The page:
That’s been the story of middle-of-the-road supermarkets in the US: they’ve had their clocks cleaned. Look at the department stores, also: the structure of the story is the same.

    The somewhat saving grace is that competition among supermarkets is fought catchment area by catchment area, so that there is some theoretical room for local and regional consolidation: a catchment area can sustainably accommodate one middle-of-the-road supermarket chain better than it can accommodate 3 or 4.

    And the saving grace for Tesco is that there appear to be bright prospects in its China JV.

    Anyway, long-winded way of saying that these are the sort of shares that scare me: if I’m going to lose my money, I’d like to it to come with at least a frisson of shock and confusion as to the why and the how!

    • Lewis

      Thanks Red;

      I don’t know much about the history of the US supermarkets or the structural differences in the sector – the one that immediately comes to mind is the geography (scale more valuable in UK?) – so I’m unsure how things will pan out.

      I think there’s a case to be made for supermarkets over here performing better. The hard discounters and membership clubs have been around for donkey’s years. I think much of their success is down to the recession and people feeling squeezed; their structure means they can never compete with the big supermarkets on their own terms with regard to the type of stock they have (hugely variable). Convenience, on the other hand, still represents a massive pinata for supermarkets – customers are conditioned to pay more at smaller indie convenience stores. Tesco are way ahead of the other supermarkets in muscling in on this segment, and I think all the evidence so far shows that the justification in the first place – that consumers like unified brands – seems to have been perfect.

      I also wonder how much the tilt towards the other end will have an effect. Tesco launched an enormous store with concessions, for instance, in the depths of glorious Watford. I recall some talk about them being interested in Mothercare for this reason – they talk about wanting ‘destination’ stores. In a post e-retailing environment, I think one of the few things people will still want to do offline is food shopping (though online is clearly going to continue growing rapidly); and given how poorly most of the high street is doing as a whole, perhaps one of the safest places to guarantee footfall would be at a supermarket.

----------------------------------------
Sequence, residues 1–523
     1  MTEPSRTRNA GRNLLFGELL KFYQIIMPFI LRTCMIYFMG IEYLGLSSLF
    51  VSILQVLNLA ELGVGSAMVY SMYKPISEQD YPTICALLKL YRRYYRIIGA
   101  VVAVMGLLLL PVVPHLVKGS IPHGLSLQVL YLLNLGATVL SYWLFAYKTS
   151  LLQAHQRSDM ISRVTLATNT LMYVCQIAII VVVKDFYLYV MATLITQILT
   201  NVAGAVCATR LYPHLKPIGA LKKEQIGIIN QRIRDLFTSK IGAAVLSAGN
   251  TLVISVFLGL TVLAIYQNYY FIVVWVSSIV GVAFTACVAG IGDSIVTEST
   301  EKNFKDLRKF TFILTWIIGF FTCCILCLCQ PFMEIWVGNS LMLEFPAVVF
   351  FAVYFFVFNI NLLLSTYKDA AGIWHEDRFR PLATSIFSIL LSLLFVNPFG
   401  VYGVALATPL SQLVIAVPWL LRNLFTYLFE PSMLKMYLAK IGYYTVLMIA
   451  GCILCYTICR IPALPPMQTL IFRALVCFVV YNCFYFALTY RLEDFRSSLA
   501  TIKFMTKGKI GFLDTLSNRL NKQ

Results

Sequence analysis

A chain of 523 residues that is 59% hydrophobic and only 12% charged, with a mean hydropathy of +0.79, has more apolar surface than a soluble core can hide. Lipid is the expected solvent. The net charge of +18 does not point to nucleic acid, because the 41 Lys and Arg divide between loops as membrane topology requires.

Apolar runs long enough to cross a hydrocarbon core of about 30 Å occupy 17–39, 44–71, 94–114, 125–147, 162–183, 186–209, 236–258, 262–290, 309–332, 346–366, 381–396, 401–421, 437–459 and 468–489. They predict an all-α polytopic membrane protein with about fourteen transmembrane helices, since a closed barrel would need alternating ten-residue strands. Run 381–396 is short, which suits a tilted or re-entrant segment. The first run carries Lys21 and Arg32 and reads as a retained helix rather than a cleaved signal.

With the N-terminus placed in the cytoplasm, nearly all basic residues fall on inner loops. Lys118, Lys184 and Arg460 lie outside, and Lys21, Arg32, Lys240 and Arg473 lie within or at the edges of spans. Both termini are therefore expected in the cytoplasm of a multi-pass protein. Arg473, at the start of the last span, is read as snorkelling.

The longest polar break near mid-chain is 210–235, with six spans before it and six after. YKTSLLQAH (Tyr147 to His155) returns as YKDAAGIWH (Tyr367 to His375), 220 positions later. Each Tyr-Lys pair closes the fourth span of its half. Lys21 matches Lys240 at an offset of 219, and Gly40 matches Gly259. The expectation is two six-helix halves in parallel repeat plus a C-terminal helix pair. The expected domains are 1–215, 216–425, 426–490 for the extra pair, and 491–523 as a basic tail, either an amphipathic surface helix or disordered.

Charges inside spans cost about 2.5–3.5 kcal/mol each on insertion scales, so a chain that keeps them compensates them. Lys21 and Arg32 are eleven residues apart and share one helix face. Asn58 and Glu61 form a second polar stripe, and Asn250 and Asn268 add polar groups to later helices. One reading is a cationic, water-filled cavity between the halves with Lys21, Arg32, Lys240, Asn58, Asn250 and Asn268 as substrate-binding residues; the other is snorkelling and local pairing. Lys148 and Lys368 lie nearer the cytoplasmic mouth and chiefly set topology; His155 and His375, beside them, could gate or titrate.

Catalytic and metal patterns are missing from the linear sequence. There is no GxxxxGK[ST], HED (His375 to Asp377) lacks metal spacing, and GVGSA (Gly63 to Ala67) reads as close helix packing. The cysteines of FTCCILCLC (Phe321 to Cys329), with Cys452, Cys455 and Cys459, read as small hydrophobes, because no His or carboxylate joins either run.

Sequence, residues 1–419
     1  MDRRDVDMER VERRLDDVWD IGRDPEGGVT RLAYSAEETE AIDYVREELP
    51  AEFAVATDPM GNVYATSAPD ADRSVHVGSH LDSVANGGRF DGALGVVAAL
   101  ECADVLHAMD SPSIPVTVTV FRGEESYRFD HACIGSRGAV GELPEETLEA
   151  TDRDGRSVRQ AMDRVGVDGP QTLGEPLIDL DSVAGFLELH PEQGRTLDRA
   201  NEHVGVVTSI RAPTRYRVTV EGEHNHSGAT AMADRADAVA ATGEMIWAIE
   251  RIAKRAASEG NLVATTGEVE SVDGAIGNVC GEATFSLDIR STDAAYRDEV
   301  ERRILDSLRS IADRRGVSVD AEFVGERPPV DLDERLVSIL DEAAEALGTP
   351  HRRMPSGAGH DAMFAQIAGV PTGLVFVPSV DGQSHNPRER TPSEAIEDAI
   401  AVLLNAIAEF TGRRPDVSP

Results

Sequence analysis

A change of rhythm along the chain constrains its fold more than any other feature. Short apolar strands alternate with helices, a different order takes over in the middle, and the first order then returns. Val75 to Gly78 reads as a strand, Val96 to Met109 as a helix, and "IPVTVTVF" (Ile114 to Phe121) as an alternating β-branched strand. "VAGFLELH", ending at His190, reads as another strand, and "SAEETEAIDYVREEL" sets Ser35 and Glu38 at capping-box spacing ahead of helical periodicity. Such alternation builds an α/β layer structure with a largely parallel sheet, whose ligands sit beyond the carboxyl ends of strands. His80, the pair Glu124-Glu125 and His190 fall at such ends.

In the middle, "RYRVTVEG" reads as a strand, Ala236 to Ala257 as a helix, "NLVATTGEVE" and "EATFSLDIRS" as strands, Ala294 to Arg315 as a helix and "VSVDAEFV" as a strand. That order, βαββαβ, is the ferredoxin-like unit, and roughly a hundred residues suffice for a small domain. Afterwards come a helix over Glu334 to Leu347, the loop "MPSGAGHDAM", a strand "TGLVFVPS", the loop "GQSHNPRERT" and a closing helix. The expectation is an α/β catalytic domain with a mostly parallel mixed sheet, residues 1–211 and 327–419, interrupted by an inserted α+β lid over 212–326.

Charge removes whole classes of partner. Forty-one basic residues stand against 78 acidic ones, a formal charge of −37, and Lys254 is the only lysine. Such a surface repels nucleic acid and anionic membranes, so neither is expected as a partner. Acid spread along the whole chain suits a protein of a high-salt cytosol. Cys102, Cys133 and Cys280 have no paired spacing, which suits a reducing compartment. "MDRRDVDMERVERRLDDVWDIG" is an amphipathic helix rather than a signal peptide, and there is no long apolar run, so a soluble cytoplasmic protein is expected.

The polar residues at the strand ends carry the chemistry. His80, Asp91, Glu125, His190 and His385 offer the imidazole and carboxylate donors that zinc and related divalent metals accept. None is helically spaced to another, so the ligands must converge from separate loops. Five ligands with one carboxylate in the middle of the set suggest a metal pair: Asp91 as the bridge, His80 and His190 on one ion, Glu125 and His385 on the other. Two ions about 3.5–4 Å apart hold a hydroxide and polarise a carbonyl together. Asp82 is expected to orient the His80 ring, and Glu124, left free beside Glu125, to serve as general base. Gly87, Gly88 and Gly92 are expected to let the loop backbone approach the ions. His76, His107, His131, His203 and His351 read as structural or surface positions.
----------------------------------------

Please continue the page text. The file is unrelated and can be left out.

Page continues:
I speculate. The move away from big stores and to cheaper convenience by Tesco in the UK will be good from a capital allocation perspective because it allows them to focus on where the money really is; abroad, and not in a horribly competitive, mature market.

      In that horribly competitive, mature market, I can’t help feel like they’re the best positioned to resist the vicissitudes of that competition.

  3. Investing Sidekick

    One thing about Tesco is property development/new stores added a lot to profits the last decade. They recently announced they would stop doing this and thats when I sold the majority of my position in them. I think Tescos profits are going to suffer over the next 5-10 years as a result so they dont look as great value.

    • Lewis

      That’s true; I could’ve stripped property profits out to get a more underlying picture of performance.

      I’m not that fussed. It didn’t make a huge proportion of profits (though was a nice contributor), and I dislike companies having large freehold portfolios. If you believe in a reasonably efficient market the outcome is basically nil except easy to arrange leverage, and if you think their team is particularly shrewd they might have secured rates better than ‘average’.

      Not sure which of those I feel.